This is a partial transcript from "The O'Reilly Factor," February 27, 2006, that has been edited for clarity.
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BILL O'REILLY, HOST: In the "Back of the Book" segment tonight. A monstrous attack on Girl Scout cookies. And should obese children be scrutinized by the government?
With us now, Meme Roth, president of the National Action Against Obesity organization.
All right. Now, come on, the Girl Scout cookies. I like these cookies.
MEME ROTH, PRESIDENT, NATIONAL ACTION AGAINST OBESITY: I — they are delicious.
O'REILLY: Yes, and they raise $700 million a year selling these cookies because people like me like them. Now, do I look fat to you?
ROTH: I don't know, Bill. You don't look fat to me.
O'REILLY: I mean, you know...
ROTH: Are you going to put a bathing suit on?
O'REILLY: No, I can't be — Melissa Etheridge, I don't want to offend Melissa. But do I look fat to you?
ROTH: You do not look fat to me.
O'REILLY: I am not fat. All right? Thirty-six-inch waist. I eat these cookies! Come on...
ROTH: OK, OK.
O'REILLY: And I like them!
ROTH: I like them, too. But let me tell you something. America likes them much too much.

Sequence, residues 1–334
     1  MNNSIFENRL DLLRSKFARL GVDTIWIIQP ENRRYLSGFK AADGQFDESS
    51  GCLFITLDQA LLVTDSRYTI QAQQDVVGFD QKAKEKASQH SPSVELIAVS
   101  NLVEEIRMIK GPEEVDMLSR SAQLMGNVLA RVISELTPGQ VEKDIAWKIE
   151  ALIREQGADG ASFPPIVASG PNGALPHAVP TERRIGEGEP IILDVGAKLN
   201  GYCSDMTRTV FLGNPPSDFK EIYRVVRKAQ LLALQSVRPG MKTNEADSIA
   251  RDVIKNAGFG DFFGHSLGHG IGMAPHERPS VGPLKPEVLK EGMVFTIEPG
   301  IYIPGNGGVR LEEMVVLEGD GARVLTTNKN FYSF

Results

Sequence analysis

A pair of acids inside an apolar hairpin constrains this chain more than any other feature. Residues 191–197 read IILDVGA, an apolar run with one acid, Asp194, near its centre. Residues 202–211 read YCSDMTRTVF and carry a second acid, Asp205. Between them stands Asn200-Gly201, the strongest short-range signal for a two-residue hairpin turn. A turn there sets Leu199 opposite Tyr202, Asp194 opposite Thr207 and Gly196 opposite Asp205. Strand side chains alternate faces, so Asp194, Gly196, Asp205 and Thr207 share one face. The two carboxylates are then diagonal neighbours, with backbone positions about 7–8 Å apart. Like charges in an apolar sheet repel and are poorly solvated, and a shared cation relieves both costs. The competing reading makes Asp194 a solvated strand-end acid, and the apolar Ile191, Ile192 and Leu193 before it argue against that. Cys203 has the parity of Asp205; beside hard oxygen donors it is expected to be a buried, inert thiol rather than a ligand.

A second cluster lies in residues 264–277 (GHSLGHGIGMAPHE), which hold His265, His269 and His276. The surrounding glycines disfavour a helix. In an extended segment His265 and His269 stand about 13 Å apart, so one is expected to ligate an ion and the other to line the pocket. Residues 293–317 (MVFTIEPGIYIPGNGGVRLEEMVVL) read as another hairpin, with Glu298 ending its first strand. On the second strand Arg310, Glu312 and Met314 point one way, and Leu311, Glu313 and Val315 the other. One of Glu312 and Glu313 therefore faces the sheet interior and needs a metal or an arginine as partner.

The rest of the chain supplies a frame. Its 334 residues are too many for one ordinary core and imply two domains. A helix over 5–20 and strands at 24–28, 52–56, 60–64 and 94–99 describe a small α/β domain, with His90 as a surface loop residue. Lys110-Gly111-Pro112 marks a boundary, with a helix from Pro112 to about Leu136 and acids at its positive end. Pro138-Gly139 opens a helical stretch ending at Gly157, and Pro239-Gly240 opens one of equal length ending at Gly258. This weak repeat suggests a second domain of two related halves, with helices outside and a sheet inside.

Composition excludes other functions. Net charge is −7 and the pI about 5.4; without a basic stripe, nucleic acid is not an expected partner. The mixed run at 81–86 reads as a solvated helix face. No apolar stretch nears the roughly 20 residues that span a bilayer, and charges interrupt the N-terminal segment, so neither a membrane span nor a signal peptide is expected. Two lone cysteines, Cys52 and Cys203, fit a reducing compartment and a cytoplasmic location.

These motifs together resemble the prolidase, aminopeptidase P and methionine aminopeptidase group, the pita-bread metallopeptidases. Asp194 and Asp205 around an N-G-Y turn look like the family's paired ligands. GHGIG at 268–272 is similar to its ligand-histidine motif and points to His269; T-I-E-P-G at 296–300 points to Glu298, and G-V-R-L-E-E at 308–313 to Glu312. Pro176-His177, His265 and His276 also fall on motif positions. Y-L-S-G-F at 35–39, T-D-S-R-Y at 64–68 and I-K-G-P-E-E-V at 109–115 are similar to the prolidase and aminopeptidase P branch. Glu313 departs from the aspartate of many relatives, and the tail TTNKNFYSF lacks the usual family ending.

This is an era of obesity. Two in three are overweight. And it's not that they can't do a bikini contest. They're sick. And our children, one in three, overweight. We can't — just because Girl Scouts are as American as apple pie, that doesn't make them beyond reproach.
O'REILLY: OK, but what you're talking about, a fascist state that says to people you can't eat cookies, you can't have ice cream, you can't have cake. And I'm telling you that it is the parental authority that should regulate what kids eat, No. 1. And, No. 2, it's over the line.
A couple of Girl Scout cookies, even though they're loaded with sugar, not going to hurt you or anyone else.
ROTH: So you went Mussolini on me. OK. Look, we don't want a civic organization whose mission is to make the world a better place, which is what the mission statement is for the Girl Scouts — we don't want civic organizations — and that's PTAs, that's churches, synagogues, anybody — using junk food as a fundraiser. Not now. Ninety years ago, cute idea. Today, not so much.
O'REILLY: See I think cookies make the world a better place. Because they're sweet. And that's a treat.
Now, if you're going to abuse the cookies and eat the box and get fat, that's on the parent. I agree with you there. But you're trying to intrude, I think, way too much.
I don't mind the calorie count listed in the restaurant. I think they should have it. If you want to eat a Big Mac, you should have right next to it here's how many calories you're going to have and from fat. I like that. I look at the box. I do. I want all of that stuff.
But I don't want somebody telling me the Girl Scouts can't sell cookies. I don't want that. That's not America. That's not freedom of choice. Come on.
ROTH: Well, I think — I think the message is the Keebler elves' mission statement: make money selling junk food. But when you're using young children as the front to sell $700 million, 200 boxes...